BBC News - Boeing 737 cargo jet crashes into sea off Honolulu, Hawaii
First and foremost, great to hear the crew has been rescued.
When I saw the headline and discovered it was Transair, it did not surprise me. I know a few pilots that have flown for Transair and based on their experience, the operational/maintenance habits left something to be desired. It could be anything and we’ll let the investigation do its thing.
All opinions/speculation aside, a ditching at night is one of the worst situations apart from a cabin/cockpit fire. They likely had a reference “horizon” with the city lights nearby and put it down in shallow-ish water. (In a previous life, I lived just north of where they put it down. Great surf area!) The Navy/Coast Guard should be able to grab this bird by day’s end.
I was just in Maui yesterday. I have seen that airline flying around. Old “junk jets” are such a rare sight these days that spotting one in the wild is a pleasure. One less, I guess. Wishes for a full recovery for both.
Incredible that they managed to survive an oceanic ditching at night. Wow!
My first thought is that if a dual engine failure really occurred is to speculate whether the engines had any oil in them. It seems oddly reminiscent of:
Eastern Flight 855
Pure speculation, but arguably more likely than fuel contamination or some other failure.
The 737-200 that went down was just just 22 days from its 46th birthday.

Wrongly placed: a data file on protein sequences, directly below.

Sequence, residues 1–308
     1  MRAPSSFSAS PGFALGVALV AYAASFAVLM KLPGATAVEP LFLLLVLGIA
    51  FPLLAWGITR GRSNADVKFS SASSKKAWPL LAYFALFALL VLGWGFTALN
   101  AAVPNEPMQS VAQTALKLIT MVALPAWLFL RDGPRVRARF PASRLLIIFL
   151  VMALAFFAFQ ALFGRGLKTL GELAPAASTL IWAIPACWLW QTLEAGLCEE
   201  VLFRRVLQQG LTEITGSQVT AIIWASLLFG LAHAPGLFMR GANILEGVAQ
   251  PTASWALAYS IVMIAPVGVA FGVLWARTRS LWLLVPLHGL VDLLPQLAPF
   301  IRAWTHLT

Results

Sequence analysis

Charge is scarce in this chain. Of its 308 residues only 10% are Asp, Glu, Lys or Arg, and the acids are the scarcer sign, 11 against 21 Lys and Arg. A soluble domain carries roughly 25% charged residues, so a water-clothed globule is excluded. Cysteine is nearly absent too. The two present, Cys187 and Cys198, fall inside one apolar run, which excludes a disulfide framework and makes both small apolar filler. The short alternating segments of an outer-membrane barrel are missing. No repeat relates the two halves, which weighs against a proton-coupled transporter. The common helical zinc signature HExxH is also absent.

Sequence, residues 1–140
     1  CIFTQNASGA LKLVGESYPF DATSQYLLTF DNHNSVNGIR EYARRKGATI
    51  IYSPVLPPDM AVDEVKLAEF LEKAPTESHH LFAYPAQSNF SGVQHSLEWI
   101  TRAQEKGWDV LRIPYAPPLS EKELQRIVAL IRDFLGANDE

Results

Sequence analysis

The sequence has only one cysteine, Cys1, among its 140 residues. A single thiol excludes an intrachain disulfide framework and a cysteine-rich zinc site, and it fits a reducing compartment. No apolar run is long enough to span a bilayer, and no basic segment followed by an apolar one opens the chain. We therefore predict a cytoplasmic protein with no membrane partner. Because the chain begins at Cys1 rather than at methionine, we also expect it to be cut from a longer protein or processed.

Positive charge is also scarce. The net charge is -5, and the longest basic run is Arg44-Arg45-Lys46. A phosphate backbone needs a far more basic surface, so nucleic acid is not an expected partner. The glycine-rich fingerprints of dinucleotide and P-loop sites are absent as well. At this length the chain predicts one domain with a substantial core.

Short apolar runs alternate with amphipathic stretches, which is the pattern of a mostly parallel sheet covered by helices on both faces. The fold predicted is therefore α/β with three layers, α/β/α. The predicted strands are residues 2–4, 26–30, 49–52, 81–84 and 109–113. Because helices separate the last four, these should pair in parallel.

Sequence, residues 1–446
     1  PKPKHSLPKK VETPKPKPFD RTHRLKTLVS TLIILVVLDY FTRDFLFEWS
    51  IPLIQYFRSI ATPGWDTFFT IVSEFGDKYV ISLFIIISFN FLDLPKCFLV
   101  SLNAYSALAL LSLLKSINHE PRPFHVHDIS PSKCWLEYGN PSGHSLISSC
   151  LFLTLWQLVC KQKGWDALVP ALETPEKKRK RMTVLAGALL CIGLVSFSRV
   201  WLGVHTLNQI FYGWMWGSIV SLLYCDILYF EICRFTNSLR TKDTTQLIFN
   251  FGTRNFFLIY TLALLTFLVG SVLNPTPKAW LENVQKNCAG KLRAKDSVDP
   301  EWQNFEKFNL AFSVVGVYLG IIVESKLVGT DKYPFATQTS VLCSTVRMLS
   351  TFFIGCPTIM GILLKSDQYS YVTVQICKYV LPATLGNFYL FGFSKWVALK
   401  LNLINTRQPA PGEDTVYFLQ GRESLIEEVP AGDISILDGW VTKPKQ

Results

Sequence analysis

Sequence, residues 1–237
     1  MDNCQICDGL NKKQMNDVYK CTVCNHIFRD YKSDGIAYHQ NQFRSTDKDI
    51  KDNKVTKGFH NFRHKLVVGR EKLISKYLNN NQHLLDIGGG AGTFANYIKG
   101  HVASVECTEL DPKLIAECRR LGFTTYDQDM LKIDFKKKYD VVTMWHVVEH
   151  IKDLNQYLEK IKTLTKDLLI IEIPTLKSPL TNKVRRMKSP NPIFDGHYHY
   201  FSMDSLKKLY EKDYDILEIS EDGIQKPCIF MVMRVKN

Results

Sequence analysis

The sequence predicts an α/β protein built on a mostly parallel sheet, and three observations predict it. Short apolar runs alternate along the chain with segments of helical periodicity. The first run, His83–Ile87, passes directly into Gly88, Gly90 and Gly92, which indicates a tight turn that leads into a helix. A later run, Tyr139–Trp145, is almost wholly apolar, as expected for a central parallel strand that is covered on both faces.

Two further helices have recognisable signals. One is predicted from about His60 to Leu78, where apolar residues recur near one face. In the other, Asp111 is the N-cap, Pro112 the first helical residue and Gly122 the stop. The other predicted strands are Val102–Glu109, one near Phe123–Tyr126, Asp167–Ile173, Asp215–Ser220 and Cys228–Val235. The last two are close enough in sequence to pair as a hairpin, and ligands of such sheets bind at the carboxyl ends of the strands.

I thought they were retired before then because of the Aloha Airlines incident in the 1980’s. Guess not…
A friend of mine was a flight attendant on that flight. I’ve spoken to him a few times about the incident and while he could laugh about it later, he, quite unapologetically, transferred to a desk job after that.
You’d love CYUL… I see Air Inuit 737-200s take off from there on a regular basis.
Seemed that they flew awfully far South after declaring the Emergency?
Actually they did a good job. The loss of one engine isn’t all that big of a deal. Unless you’re on fire, take your time and finish the checklist and when ready take the turn back. Where one might argue that they screwed up was when the second engine (#1) started to overheat. That’s when the checklist maybe should have gone in the bin and a turn ASAP might have been best. But they were there and we weren’t. Flying for companies like this one is an
existence in the armpit of aviation. (EDIT: Maybe a little harsh as I don’t know much about them except that the -200 is the cheapest, oldest possible choice for a short-haul cargo op.) Most of us have been there. You bid your time. Fly as safe as the equipment allows and spam the world with resumes until you get lucky.
The NTSB have released footage of the crash scene. It’s amazing they walked (swam?) away from this. Those pilots must have earned some serious good karma!
There is also the possibility of a breakup during the sinking to the bottom of the ocean. The aircraft may have been in one piece after the ditching, although damaged, and then broke up when it sank. But still, good job surviving that!
Did they ever recover the flight data recorders from this flight?
According to this Wikipedia article, recovery started on the 9th of October.
Hopefully marinating in salt water for 90+ days did not damage them too badly.
I’m guessing that since the crew survived, they probably have a pretty good idea of what happened.
*What the crew agreed to say happened.
One of the two reasons I never went into civlian aviation. My physical and mental health just wouldn’t be able to hack that purgatory period between flight training and getting picked up by a major airline.
It’s refreshing to see an incident with everyone surviving. I’m surprised I just now found the news about it today, but I guess the media has its bias on pushing the more tragic stories.